Well in actual fact it's more than that. It's Fritz Chess, which means the game is powered by the best chess AI program currently available.

There's a loose adventure mode taking you through a series of medieval "castle" opponents, but you won't be playing for the story; Fritz is all about the super challenging AI.

Fritz Chess costs just £14.99 and offers a range of single-player and local multiplayer modes.

If you've been wanting to learn how to play chess for a while, Fritz Chess is very likely the perfect tool. Despite being light on game strategy, there is enough theory and visual aid presented to make the product an inexpensive way of learning the game of chess. Hints provide you with the next "best move" if you're stuck, and visual cues show you where your pieces are safe. The game also provides the option to watch some historical matches, providing strategies from the world's best players. If you're serious about learning the game, there's no better package.

We're not going to admit to being the best chess players in the world, we're not, but we're competent enough at the game and quickly found a difficulty setting that was challenging to us. The Fritz AI is extremely impressive and is able to cater well to your level of ability. If you're never able to find a human opponent good enough to give you a challenge, Fritz will certainly do that.

Fritz Chess provides a range of puzzle based modes that challenge you to find the "best move" or checkmate the opponent in one move. The best thing about these puzzles are that the computer generates them as you play, so basically you never run out of challenges to complete. They are infinite. Something that really helps the replay value.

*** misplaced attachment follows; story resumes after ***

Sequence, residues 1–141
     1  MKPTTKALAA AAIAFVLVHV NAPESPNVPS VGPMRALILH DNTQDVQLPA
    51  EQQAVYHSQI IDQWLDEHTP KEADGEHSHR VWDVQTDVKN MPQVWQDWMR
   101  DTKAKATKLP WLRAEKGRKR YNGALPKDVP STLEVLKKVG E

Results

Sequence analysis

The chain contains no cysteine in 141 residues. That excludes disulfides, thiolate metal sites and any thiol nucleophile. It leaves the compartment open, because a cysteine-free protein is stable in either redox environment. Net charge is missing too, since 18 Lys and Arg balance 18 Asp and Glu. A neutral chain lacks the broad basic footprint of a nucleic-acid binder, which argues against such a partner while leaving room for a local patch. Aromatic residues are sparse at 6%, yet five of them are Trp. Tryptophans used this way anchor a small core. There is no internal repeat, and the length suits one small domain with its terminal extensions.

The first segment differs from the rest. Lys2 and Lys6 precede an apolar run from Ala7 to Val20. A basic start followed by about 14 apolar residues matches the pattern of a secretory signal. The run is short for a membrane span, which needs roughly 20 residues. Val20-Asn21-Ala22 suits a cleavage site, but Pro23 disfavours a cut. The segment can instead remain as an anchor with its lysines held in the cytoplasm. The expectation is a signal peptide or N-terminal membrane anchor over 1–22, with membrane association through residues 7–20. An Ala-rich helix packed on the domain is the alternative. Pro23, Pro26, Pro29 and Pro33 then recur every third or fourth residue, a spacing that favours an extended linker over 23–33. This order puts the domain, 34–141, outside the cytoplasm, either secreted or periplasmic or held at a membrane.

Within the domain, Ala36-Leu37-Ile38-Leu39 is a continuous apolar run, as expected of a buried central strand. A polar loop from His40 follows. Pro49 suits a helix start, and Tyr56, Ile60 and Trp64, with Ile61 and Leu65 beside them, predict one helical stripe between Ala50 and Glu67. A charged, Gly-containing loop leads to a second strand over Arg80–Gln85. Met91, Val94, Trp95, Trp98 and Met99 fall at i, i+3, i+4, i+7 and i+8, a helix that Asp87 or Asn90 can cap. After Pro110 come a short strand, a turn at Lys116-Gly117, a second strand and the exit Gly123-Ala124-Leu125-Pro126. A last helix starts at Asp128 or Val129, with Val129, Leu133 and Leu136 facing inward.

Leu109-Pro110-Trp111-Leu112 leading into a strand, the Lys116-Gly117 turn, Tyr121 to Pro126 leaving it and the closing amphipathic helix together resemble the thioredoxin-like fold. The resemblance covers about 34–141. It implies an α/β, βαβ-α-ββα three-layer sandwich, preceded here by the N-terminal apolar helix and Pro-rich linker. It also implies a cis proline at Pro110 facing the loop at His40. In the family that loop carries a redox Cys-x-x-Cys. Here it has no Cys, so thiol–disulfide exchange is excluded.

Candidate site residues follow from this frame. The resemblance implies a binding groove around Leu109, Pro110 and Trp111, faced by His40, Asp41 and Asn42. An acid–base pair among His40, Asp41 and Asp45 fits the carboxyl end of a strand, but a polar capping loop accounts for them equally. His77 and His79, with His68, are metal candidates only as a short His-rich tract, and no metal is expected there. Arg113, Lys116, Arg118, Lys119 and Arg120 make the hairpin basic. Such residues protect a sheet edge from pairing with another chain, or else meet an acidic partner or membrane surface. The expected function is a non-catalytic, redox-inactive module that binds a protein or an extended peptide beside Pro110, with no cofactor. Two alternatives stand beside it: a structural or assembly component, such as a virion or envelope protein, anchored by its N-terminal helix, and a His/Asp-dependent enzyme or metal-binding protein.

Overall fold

Despite the main story mode, simple one on one chess and puzzle mode, there are also historical matches and a range of variants of the standard game of chess. I.e. there is a lot to do in Fritz Chess and if you're interested in the content it will take you a while to play through everything.

We can't really find a reason for why you'd play Fritz Chess other than the fact that you're looking for a challenging opponent or a learning tool. Even in the case of the former, the lack of online play makes it somewhat of a stripped package for those who want to find a human opponent. Despite the AI being extremely intelligent you can't beat going head to head against a real opponent on a real board. Fritz Chess does everything right but still ends up being a niche package because of its content. Thankfully the game is priced reasonably.

At first Fritz Chess' music comes across as a pleasant cinematic soundscape. But once you hit the 30th loop it divebombs into a grating mess of synthesized pads.

Hardcore players will want to come up against real human opponents no matter how good the AI is. In fact players can already play chess online for free in Sony's Playstation Home service.


Fritz Chess is a reasonably priced package for learners or chess aficionados. The lack of online play is detrimental, but those who actively seek challenging computer competition or an interactive learning tool will find their niche here.